Howard was educated at Dulwich College, and after working in a bank and suffering shell shock in the First World War he recalled that that school had been founded by an actor.
He established himself as a leading player in London and New York, playing Her Cardboard Lover opposite Tallulah Bankhead and producing a play of his own. Tell Me The Truth. One of his stage successes had been in Outward Bound, a strange postwar blues production about a liner full of dead souls. Warners elected to film it in 1930 and invited Howard to take the lead, directed by Robert Milton. After that, MGM acquired him for Never the Twain Shall Meet (31, W. S. Van Dvke), Five and Ten (31, Robert Z. Leonard), and A Free Soul (31, Clarence Brown). For a few years he shifted between England—Service for Ladies (32, Alexander Korda) and The Lachj Is Willing (34, Gilbert Miller)—and America— Devotion (31. Robert Milton); Smilin' Through (32. Sidney Franklin); The Animal Kingdom (32, Edward 11. Griffith); Secrets (33, Frank Borzage); Captured! (33, Boy del Ruth); and Berkeley Square (33, Frank Llovd).
In 1934, he signed for Warners and made British Agent (Michael Curtiz) before being loaned to RKO for Of Human Bondage (34, John Cromwell, with Bette Davis), and to Korda for Sir Percy Blakeney in The Scarlet Pimpernel (34, Harold Young)—a costume romance in keeping with Howard’s fragility. He was well cast as the half-baked writer in The Petrified Forest (36, Archie Mayo), and partly responsible for Bogart’s being in that film; but horribly exposed in MGM's Romeo and Juliet (36, George Cukor), a film that, remarkably, did not harm his reputation. Warners limited him to modern-day dress comedy: It’s Love I’m After (37, Tay Garnett) and, in 1938, Howard returned to Britain to act in and codirect (with Anthony Asquith) Pygmalion. His Higgins is cold, like so many of Shaw’s intellectuals, but he carried the film’s wit with great ease.
His last films in Hollywood were both for Selznick: Gone With the Wind (39, Victor Fleming) and Intermezzo opposite Ingrid Bergman (39, which he coproduced with Gregory Ratoff)—the latter as generous to Howard as the former was unflattering. At this point he returned to England at war and became not only one of the most active ol producer-directors, but something ol an emotional figurehead: Pimpernel Smith (39, actor and director); 49th Parallel (41, Michael Powell) in which he is a humanist in a wigwam, reading Thomas Mann and gloating over a Picasso; The Lamp Still Bums (41, producer); The First of the Few (42, director and actor—as B. J. Mitchell, the inventor of the Spitfire); and The Gentle Sex (43, codirector, with Maurice Elvey).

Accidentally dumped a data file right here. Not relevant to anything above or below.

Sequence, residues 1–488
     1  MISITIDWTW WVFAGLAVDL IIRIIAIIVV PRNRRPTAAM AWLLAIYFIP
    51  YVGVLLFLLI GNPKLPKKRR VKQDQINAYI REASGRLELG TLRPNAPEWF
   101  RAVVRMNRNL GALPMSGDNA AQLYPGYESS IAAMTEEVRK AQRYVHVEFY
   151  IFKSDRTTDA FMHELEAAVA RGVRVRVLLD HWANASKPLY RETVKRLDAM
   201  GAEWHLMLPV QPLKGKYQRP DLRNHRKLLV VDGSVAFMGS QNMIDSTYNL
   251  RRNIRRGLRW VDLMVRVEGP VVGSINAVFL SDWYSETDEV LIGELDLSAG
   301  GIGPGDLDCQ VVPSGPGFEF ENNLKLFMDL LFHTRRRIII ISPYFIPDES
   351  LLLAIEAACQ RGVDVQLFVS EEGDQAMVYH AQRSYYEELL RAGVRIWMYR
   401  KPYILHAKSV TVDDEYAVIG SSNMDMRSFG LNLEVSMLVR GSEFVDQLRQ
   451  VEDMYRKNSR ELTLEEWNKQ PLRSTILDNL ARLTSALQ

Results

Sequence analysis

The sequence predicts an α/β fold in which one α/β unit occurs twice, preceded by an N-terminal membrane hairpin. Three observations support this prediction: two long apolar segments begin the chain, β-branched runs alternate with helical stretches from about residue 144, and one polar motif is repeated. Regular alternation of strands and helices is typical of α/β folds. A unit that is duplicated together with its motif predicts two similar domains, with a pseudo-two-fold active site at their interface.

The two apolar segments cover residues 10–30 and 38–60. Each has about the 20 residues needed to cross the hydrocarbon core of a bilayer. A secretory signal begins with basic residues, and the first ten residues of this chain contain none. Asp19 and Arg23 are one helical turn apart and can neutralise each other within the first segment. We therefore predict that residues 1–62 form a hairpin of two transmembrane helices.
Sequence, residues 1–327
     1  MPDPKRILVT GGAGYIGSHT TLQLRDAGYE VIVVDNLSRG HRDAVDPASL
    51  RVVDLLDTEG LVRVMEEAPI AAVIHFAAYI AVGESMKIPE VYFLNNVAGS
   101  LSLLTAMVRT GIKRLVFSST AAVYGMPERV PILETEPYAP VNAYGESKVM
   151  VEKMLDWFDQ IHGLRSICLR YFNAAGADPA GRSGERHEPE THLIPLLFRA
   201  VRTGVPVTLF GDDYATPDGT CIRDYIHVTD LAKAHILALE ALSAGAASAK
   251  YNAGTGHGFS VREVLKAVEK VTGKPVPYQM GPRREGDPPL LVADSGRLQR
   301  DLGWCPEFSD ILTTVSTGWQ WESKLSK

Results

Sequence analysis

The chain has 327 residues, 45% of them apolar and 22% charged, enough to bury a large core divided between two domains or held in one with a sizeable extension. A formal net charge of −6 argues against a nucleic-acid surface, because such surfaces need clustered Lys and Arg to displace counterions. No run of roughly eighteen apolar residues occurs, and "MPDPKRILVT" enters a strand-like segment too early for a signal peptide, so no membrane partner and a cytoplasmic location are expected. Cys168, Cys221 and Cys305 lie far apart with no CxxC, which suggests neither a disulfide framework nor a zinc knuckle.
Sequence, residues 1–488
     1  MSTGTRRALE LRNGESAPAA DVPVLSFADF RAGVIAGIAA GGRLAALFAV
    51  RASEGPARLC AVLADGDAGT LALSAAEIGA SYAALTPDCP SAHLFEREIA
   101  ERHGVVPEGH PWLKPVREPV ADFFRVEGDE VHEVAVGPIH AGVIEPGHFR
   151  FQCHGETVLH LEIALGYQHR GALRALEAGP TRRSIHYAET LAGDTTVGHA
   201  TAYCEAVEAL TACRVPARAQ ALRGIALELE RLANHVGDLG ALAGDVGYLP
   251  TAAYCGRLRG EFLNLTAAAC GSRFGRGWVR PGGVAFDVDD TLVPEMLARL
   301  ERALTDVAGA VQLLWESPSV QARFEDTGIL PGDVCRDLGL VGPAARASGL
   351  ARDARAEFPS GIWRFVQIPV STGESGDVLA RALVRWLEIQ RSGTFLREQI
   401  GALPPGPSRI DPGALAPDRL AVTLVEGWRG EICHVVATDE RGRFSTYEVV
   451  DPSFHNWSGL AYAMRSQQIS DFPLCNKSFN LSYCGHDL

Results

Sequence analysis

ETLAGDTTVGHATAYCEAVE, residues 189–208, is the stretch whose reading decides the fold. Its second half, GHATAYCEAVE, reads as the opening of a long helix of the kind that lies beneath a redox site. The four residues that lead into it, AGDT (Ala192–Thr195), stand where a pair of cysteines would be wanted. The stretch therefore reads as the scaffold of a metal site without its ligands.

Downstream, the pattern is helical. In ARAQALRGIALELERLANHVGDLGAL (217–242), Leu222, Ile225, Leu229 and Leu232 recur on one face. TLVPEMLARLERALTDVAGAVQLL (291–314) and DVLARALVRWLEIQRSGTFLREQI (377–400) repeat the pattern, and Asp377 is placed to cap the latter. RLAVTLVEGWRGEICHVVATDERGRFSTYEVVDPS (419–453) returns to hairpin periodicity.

The great reputation that Howard enjoyed seems remote to a generation that knows him only through revivals of Gone With the Wind. His Ashlev Wilkes in that film is such a nonentity, and the comparison with Gable so diminishing, that one winders not only what people saw in Howard, but how Selznick’s epic ever survived. No matter that central Europe haunted his features.
Hollywood adopted him as its shyest English gentleman and as the epitome of class. Britain fell for this image a little later but devoured it wholesale after his patriotic wartime movies and his death, shot down in a plane from Lisbon to London. There has always been the scent of mystery about that death. Had Howard been used as a decoy- he was on a government mission—to divert attention from Churchill who was also flying that day? It is the sort ol heroic sacrifice that a whey-faced exile from land-locked Hungaiy might have dreamed of.